July 23 2014

‘Run Liz Run’: Stuck in the Age of Folk

Ricochet

Sabrina Schaeffer

Democrats know how to reach voters. I’m not talking about using better data or GOTV techniques – I mean how to reach people emotionally. That’s exactly the point of the new video – “Run Liz Run” – promoting Massachusetts Sen. Elizabeth Warren. Set to a catchy folk-song it’s a portrait of enthusiastic supporters carrying signs and cheering for the Senator as she gives a passionate speech at the progressive Netroots Nation conference. It makes you feel hopeful, excited about the prospects of seeing a woman in the White House, and paints politics as accessible.

Despite the video’s positive vibe, however, it’s clear supporters of Liz Warren view life in America as inherently unfair. “Run Liz Run” calls for a “leader who won’t stand for all the Wall Street bull—-;” stresses that “people think the system is rigged because it is,” and reminds us that “nobody got rich on their own, not nobody.” The video skillfully pits Americans against one another – a technique Warren has already perfected, by using the word “fighting” with great frequency – without ever making the viewer feel angry.

Of course, “Run Liz Run” conforms to the tradition of folk songs. It’s speaking to the “oppressed” – workers, minorities, women – with a message that a president Warren can help us overcome our social and economic hardship. And it’s the discordant effect that makes folk songs like “Run Liz Run” powerful. Bob Dylan’s comforting voice asking how many times must the cannon balls fly/ Before they’re forever banned? Or Marlo Thomas singing Take my hand, come with me, where the children are free in the eponymous song from the playful children’s album Free To Be You and Me. Folk songs are meant to resonate with everyday Americans, and Warren’s agenda is meant to address their adversity.

It’s not surprising Warren supporters are using this tried and true technique, as little has changed in progressive politics over the half-century since the 1960s folk resurgence of Dylan, Joan Baez, and Joni Mitchell. Instead of evolving and improving, the disheartening message of inequality and victimhood remains the mainstay for Democrats like Warren – and especially for liberal women’s groups who will actively support her and her big-government agenda.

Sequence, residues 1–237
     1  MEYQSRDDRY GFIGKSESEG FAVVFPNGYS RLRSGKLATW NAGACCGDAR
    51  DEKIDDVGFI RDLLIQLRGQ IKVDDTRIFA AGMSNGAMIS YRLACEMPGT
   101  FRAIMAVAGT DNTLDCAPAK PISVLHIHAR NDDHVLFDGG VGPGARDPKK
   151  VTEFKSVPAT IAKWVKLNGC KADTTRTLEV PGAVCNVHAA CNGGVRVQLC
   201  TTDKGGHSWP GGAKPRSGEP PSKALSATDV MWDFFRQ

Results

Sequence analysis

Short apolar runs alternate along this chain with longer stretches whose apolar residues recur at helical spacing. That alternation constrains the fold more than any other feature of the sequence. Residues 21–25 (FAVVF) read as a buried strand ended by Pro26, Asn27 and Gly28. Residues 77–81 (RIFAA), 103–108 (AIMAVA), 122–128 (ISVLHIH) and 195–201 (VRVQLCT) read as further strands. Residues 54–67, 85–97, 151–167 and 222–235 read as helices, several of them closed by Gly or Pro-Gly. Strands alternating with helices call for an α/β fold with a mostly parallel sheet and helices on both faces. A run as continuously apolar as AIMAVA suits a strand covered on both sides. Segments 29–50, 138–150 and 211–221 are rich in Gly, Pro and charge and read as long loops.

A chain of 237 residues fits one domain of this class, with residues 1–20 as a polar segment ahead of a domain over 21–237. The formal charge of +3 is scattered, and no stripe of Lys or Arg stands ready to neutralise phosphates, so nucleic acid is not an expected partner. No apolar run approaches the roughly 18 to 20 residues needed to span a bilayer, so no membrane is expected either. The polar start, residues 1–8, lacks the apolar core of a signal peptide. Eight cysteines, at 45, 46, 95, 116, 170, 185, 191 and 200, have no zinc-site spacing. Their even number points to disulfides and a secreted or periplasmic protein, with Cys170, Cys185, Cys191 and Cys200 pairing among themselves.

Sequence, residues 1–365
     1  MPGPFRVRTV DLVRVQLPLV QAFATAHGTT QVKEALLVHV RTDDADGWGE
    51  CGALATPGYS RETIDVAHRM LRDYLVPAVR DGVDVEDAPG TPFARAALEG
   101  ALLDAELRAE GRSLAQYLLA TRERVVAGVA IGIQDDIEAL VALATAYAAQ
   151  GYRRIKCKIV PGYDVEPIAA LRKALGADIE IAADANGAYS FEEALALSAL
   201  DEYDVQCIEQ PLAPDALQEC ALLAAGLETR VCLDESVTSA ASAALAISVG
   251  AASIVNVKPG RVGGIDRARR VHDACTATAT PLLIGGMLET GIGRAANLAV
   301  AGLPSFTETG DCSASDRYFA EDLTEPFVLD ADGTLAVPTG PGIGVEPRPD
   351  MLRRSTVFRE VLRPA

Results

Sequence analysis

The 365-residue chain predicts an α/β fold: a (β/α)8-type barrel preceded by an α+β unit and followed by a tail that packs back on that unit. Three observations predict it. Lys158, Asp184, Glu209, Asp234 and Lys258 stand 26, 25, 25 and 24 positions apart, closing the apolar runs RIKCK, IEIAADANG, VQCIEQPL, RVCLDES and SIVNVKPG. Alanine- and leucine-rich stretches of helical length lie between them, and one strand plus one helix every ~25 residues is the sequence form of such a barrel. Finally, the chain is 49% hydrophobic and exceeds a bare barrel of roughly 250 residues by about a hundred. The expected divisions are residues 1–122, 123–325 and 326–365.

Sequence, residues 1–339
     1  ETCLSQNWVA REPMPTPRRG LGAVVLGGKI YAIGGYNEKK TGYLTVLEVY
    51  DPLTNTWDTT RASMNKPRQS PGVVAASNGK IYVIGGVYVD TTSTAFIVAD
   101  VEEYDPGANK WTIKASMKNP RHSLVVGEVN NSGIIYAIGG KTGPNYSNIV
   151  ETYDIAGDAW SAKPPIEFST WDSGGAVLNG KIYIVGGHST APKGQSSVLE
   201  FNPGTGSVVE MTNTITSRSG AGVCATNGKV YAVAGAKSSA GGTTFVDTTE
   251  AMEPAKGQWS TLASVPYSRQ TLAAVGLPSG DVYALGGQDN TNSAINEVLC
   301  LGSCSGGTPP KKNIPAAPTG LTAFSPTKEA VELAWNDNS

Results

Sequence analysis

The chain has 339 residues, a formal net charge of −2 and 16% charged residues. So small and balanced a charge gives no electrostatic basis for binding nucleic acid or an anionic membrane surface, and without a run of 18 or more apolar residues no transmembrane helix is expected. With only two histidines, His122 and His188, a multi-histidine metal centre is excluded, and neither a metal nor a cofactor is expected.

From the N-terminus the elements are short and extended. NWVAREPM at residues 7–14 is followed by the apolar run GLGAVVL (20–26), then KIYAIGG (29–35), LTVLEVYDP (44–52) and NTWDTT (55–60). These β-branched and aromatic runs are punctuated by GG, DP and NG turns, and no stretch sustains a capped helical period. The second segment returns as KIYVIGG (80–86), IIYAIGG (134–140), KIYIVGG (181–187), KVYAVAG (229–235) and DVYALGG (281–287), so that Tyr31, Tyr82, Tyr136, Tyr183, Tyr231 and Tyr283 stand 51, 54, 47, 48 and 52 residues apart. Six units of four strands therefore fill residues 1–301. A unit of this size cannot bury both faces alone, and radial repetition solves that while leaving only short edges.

This is not to suggest we don’t have challenges in America today, or that there isn’t a need to strengthen our economy, build stronger communities, and streamline our government. There has always been and always will be a need to improve the American experiment. But lost in the folksy style of “Run Liz Run” is how Warren’s feel-good policies of raising the minimum wage, passing the Paycheck Fairness Act, advocating for government-run schools (and naturally limiting choice and freedom in education), forcing resources into green-only energy solutions, and pushing for “free” benefits for women in ObamaCare will actually help improve the lives of more Americans.

Even with the best song, perpetuating the narrative that women are a victim class, or that workers are oppressed by corporations, doesn’t strengthen society. It’s simply a tool used to encourage even greater dependence on the state, and to give government even more control over our lives.

We have real challenges in this country that require a conversation and perhaps even a “revolution” of sorts. But instead of turning failed progressive policies into a soundtrack, we need Americans to rise up against government largesse and advance policies that improve the country while staying true to our founding ideals of liberty and individualism.

Sabrina L. Schaeffer is executive director of the Independent Women’s Forum and a contributor to the forthcoming IWF book, “Lean Together: An Agenda for Greater Economic Security, Stronger Communities, and Smarter Government.”

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